The bill moved to the Appropriations committee where Rep Pat Dillon from New Haven moved the bill and Sen. Bob Duff from Norwalk seconded the motion. Like with the Planning and Development committee, the bill passed this committee with no opposition. My opponent sits on the appropriations committee, and with 51 other legislators, voted to support the bill.
The bill was voted on in the Senate with a roll call vote, and all thirty-six State Senators voted in favor of the bill. The CGA website does not list a vote tally for the House, so I assume it passed by unanimous consent.
The second bill listed, appears to be S.B. 138, AN ACT ESTABLISHING A TASK FORCE TO STUDY "AGING IN PLACE". This bill was introduced by the Aging Committee. It had 17 co-sponsors, including Sen. Joe Crisco from Woodbridge. The bill was moved by Rep. John Frey of Ridgefield and seconded by Senator Edith Prague of Columbia. Like the first bill, this bill cleared its committee unanimously. Several people testified in favor of the bill and there was no opposition.
Sen. Prague offered a minor amendment to the bill and it passed both chambers without any opposition.
It also was introduced by the Aging committee. Again, Sen. Joe Crisco from Woodbridge was one of the co-sponsors. This bill had 16 co-sponsors. Another of the co-sponsors was Sen. Gayle Slossberg from Milford. With redistricting, Sen. Slossberg's district now includes a southern portion of Woodbridge. Like the previous bill, this bill also passed Aging with no opposition. It went to the Public Health Committee where it passed with no opposition. It then went on to pass both chambers with no opposition.
I applaud the important work that the State Legislature did in passing these bills, and especially Sen. Crisco and Sen. Slossberg in being co-sponsors of these bills. I hope I will get an opportunity to serve with Sen. Crisco and Sen. Slossberg in co-sponsoring bills that helps our state better serve it's senior citizens.
When you become a candidate for public office you essentially grant everyone a license to tell you how you should act and what you should believe. I have certainly gotten my share of recommendations since I became the Democratic candidate for State Representative in the 114th Assembly District in Connecticut. People have suggested positions on policies, strategies for connecting with voters, even going so far as to give recommendations about what I should eat and what I should wear.
Most of these recommendations have been transactional instead of transformational, and I pay attention to them. But I'm more interested in the bigger, transformational questions. Becoming a candidate for public office changes the way people interact with you, and that changes you. They express hopes and desires about the sort of representative you'll be. I was also invited to be a member of the Connecticut Health Foundation's Health Leaders Fellowship Program. This is about changing as well. I write all of this as I sit in an airport terminal on my way to a conference I'm scheduled to speak at.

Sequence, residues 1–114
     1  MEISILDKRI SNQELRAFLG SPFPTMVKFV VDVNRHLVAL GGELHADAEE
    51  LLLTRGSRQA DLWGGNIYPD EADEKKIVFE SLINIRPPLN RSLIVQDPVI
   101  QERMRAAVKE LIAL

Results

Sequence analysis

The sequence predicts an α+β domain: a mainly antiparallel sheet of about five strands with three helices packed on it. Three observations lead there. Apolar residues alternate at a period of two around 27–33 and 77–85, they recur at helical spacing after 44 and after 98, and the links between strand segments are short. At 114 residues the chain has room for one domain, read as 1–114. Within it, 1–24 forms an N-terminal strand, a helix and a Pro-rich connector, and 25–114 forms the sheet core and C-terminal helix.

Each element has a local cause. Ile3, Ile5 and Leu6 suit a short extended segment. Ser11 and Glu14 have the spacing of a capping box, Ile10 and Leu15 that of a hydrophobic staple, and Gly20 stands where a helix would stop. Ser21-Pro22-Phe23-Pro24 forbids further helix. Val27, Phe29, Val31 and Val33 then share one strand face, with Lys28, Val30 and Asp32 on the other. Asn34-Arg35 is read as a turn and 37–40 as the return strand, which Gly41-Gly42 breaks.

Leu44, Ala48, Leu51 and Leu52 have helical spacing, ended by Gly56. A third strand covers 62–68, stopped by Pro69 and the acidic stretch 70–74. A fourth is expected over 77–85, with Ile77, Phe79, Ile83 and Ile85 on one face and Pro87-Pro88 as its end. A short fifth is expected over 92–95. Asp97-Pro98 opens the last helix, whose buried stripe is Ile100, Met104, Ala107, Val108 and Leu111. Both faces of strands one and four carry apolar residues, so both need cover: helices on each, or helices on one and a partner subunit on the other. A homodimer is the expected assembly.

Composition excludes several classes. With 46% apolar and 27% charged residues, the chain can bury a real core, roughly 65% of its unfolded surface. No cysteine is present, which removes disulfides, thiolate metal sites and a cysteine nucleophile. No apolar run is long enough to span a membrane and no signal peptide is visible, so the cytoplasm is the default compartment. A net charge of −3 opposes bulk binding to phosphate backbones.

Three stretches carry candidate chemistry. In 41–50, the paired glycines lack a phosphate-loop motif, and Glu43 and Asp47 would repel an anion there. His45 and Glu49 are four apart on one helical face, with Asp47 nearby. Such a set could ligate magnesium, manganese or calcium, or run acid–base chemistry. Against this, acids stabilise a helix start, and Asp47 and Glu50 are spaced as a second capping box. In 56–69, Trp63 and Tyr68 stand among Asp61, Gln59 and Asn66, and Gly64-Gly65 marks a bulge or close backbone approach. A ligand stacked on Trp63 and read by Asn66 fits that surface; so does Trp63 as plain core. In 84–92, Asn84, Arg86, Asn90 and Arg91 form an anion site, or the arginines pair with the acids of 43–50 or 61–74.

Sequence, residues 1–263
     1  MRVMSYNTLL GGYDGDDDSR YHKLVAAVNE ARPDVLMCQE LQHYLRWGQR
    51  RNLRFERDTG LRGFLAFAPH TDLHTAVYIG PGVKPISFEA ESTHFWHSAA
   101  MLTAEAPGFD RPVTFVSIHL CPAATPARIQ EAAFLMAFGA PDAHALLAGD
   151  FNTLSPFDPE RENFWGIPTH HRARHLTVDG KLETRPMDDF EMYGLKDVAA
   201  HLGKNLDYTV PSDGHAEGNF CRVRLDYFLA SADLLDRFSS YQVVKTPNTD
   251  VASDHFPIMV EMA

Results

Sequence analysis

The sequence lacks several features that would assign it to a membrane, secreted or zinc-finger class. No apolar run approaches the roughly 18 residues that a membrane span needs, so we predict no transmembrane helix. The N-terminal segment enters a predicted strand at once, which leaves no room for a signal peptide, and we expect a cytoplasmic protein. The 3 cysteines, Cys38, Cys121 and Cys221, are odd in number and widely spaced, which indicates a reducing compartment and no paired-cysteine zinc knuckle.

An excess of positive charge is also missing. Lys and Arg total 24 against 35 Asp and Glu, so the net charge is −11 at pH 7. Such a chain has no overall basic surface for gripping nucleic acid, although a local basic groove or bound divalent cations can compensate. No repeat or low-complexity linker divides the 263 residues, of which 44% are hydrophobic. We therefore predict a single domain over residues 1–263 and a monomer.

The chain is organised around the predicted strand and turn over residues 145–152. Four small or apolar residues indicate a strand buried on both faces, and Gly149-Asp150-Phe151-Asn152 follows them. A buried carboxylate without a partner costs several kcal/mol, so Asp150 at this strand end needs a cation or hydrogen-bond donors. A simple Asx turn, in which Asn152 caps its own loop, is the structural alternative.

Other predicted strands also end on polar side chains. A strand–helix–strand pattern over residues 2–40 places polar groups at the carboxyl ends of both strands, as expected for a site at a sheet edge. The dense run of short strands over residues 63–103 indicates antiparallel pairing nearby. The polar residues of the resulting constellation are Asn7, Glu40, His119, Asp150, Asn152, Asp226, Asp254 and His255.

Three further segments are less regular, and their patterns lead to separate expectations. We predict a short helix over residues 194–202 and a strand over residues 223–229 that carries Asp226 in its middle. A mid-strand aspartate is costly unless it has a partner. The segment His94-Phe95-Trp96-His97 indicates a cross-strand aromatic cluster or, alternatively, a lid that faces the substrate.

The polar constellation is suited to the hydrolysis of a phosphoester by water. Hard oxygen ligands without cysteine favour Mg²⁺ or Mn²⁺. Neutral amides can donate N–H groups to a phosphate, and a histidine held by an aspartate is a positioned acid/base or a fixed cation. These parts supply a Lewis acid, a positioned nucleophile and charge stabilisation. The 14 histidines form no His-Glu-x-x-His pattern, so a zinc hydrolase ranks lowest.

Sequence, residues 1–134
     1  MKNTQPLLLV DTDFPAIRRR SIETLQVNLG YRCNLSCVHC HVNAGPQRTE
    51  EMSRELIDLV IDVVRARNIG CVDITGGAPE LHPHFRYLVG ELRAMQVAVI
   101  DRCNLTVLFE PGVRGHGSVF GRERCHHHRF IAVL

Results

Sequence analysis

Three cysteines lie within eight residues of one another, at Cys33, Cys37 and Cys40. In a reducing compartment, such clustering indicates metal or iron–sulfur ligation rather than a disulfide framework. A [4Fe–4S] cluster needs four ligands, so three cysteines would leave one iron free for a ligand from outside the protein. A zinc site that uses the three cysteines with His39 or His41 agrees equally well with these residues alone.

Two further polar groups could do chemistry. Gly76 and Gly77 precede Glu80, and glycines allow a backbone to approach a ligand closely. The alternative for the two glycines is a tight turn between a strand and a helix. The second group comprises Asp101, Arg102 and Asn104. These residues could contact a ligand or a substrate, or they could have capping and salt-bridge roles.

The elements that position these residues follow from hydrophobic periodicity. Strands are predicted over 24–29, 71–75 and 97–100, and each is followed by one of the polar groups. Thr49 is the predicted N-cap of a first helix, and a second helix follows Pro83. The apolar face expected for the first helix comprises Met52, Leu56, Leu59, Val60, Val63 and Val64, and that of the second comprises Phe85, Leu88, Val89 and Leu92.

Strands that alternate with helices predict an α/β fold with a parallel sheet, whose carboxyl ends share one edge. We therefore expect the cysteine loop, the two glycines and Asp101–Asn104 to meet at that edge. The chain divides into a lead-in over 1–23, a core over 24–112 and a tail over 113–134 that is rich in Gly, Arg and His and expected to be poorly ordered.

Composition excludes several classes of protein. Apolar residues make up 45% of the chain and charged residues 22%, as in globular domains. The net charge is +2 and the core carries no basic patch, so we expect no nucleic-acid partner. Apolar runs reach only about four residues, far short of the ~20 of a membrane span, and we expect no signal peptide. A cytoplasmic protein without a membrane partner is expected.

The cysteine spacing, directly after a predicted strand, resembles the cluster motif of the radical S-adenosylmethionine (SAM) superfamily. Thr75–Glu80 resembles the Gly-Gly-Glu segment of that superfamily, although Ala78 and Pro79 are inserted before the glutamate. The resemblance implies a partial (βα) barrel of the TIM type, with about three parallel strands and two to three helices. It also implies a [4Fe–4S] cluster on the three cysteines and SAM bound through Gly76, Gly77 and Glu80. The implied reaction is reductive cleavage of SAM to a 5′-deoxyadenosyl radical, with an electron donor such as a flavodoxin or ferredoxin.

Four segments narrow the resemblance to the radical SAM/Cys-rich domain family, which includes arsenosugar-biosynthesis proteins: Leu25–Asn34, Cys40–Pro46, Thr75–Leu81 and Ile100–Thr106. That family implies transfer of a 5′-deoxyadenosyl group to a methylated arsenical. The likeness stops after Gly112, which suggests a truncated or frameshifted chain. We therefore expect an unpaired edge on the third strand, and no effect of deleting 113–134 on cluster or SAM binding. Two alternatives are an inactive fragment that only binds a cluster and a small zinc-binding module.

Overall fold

I've spoken at conferences before, but usually, it is at a conference that I wanted to attend, and sought to be a speaker. This time, the conference organizers invited me to come speak before I even knew about the conference.
In all of these, I hope I will live up to expectations. Having expectations to live up to can be a very powerful motivator for positive change. Yet there is something scary about change, particularly if you already like who you are, and voters seem not to like changes. They like to know what they are getting and eschew 'flip-floppers'.
It seems as if having clear sense of underlying beliefs enables people to change, to grow, and yet remain true to themselves. It is with this in mind, that I join the political fray as an observer participant. I'm interested in participating in this political process, as well as the other growth opportunities being presented to me. At the same time, I look forward to observing all of this, analyzing it, and writing about it.
Perhaps I can discover what it means to be a philosophical ethnographist State Representative, acting as an evolving political observer participant.
Though I live in Woodbridge, Derby too often has been a city to drive through on my way to Beardsley's Cider Mill or Jones Farms. I've stopped from time to time at the Home Depot in Derby, but a Home Depot looks like a Home Depot just about anywhere. Yet now that I'm running for State Representative in a district that includes some of Derby, I really need to get to know the city a little bit better.
I must admit, it feels strange to call Derby a city. In terms of municipal organization, it's a city, but it is Connecticut's smallest city and has the feeling of a small town. Back in 2000, Derby was an "All-America City" winner. When I was younger, I lived in Williamstown, Mass, which is right next to North Adams which was an "All-America City" winner in my youth.
With this, my trip into Derby on Thursday felt very familiar. I stopped to speak at the Derby Democratic Town Committee in the basement of the Elks Lodge. Afterwards, I went up stairs and had a drink with some of the town committee members. They talked about the JC Penney that used to be in Derby and the Rambler dealership. Hopefully, I remember the places properly.
One of the key things we were talking about was when people used to shop where they lived. I remember going to stores when I was a kid, where you knew the owner of the store. The store owners knew that if they treated people poorly, they wouldn't hear the end of it, whether it be at church, at Little League, at the Memorial Day parade, or some event at the school.